Tough IP laws, such as those that the United States is seeking to introduce through the Trans-Pacific Partnership (TPP), are often justified as necessary to fight counterfeiting and piracy. On the face of it, this seems like a fair call. Consumers should be entitled to assume that the products they purchase are authorised, original versions. As such, consumers are often the victims of counterfeiting just as much as the owners of the original trademarked products are.
The Civil Society stakeholders for the Brunei round of TPP negotiations are very disappointed that no formal report from the Chief Negotiators was presented, nor the opportunity for stakeholders to ask questions in a forum where all could hear the answers.
For some time now there has been a need to update understandings of existing human rights law to reflect modern surveillance technologies and techniques. Nothing could demonstrate the urgency of this situation more than the revelations confirming the mass surveillance of innocent individuals around the world.
Diverse International coalition launches alternative process to secretive Trans-Pacific Partnership talks
The Fair Deal Coalition has launched a new initiative that will give Internet users a platform to discuss what copyright should look like under the TPP. The Coalition’s ‘Your Digital Future’ tool invites stakeholders from all sectors - not just old media conglomerates - to discuss what kind of copyright law the TPP countries need in order to encourage creativity, participation, and innovation.
The team that argued for the affirmative proposition consisted of Angela McDougall from Australian consumer group CHOICE (the only non-Malaysian panelist), Khairul Yusof from the transparency and anti-corruption NGO Sinar Project, and open source microprocessor engineer and entrepreneur, Shawn Tan. Their arguments focused mainly on the harsh intellectual property rules that have been proposed under the agreement, which they said would impact on a range of economic activity that depends upon the free use and reuse of digital information.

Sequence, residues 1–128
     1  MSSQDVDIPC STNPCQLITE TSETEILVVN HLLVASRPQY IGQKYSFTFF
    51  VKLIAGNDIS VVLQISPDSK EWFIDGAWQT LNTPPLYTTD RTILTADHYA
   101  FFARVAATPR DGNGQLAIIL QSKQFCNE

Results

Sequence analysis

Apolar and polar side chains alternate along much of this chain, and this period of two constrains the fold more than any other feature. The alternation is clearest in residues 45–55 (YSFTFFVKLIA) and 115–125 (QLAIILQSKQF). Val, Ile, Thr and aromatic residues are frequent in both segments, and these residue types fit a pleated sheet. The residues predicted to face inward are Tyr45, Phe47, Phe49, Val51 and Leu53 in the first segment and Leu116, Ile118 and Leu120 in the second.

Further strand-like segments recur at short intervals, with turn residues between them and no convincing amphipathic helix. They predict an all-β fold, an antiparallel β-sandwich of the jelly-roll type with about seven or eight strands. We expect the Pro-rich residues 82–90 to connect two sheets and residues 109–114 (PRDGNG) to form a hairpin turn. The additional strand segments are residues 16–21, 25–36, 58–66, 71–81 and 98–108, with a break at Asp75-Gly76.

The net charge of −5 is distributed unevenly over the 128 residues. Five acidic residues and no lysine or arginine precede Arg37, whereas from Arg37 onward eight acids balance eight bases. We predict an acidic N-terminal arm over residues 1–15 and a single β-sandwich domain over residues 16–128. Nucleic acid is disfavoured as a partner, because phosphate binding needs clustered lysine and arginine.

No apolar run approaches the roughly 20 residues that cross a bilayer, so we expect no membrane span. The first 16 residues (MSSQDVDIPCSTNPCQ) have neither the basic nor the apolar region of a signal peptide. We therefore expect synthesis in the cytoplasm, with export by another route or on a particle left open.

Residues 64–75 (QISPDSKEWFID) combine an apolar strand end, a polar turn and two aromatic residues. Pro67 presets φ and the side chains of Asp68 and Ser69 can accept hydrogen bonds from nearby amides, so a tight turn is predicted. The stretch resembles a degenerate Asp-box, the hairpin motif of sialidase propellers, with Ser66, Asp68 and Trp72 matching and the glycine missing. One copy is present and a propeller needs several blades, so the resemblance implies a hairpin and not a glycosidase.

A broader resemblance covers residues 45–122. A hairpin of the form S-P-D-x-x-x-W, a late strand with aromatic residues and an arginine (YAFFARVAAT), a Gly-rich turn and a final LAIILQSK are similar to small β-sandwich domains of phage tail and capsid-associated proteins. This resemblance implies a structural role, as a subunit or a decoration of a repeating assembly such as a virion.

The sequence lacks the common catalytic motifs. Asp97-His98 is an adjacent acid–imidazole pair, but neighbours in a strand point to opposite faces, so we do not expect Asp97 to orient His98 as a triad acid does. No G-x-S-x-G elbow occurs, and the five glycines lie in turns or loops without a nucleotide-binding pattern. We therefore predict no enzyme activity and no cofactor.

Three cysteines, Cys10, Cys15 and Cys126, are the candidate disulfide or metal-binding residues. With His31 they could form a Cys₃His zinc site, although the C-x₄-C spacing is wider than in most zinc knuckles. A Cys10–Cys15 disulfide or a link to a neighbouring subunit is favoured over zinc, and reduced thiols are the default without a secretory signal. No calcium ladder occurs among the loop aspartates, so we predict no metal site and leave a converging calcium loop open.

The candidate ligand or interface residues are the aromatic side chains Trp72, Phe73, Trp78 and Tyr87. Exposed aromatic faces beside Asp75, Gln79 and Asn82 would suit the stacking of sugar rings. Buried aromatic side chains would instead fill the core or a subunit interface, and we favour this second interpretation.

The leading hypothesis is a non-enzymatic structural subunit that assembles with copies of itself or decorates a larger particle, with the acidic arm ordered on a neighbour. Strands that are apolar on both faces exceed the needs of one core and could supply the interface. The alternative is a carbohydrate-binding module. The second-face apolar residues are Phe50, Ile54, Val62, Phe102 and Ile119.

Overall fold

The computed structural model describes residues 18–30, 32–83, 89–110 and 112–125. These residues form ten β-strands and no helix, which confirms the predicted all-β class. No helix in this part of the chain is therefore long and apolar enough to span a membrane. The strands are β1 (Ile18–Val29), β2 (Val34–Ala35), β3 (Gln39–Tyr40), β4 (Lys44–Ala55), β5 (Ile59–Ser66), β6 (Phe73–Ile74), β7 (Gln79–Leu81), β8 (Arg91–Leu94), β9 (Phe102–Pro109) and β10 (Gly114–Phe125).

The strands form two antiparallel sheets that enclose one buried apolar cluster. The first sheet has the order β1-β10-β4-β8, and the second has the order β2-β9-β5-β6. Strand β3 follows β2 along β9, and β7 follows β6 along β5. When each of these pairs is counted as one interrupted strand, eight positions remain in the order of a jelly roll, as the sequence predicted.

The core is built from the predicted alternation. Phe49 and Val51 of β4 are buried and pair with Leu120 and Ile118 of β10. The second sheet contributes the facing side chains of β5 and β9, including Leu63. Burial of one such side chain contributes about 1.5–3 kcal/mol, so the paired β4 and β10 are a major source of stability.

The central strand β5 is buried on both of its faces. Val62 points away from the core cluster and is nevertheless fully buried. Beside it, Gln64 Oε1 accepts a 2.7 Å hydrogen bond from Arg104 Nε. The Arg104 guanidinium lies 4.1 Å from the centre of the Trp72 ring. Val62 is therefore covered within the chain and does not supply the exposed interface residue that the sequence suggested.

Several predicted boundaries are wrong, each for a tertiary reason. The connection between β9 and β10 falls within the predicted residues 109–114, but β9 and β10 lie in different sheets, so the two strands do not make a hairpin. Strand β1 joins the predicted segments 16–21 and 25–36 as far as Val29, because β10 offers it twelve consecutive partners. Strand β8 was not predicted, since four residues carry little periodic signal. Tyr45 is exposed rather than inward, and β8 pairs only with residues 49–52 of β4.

CI believes that the UN Guidelines for Consumer Protection have much potential to help restore the balance between the interests of consumers and copyright holders that has been upset with the introduction of digital rights management digital rights management (DRM) systems, descriptively known as ‘digital locks.’
I would like to thank the distinguished representative from the Seychelles and Mr Avery from the OECD for their remarks about e-commerce, both of which we fully support. However, in accordance with the remarks made earlier by Consumers International's Head of Delegation, we are concerned that the scope of the work on revision of the Guidelines should not be too narrow, as there are many issues that effect the interests of consumers in the digital age that go beyond the existing instruments on e-commerce that have been developed by the OECD.
A new project called the Document Accessibility Profile (DAP) aims to make accessibility information for ebooks as easy use as Nutrition Facts labels on food packaging. When launched next year, publishers will create DAP labels so students with disabilities and others can determine if an ebook/etextbook will be accessible to them before they buy it. Go to http://stepp.gatech.edu/dap.php.
Although the basics have been widely reported, there is still a lot of confusion out there about how all the pieces of the PRISM surveillance scandal fit together, so here's the rundown. First, on Thursday 6 June, came the revelation in the Guardian of a secret court order requiring US phone carrier Verizon to disclose a complete set of records of telephone calls made over a three-month period.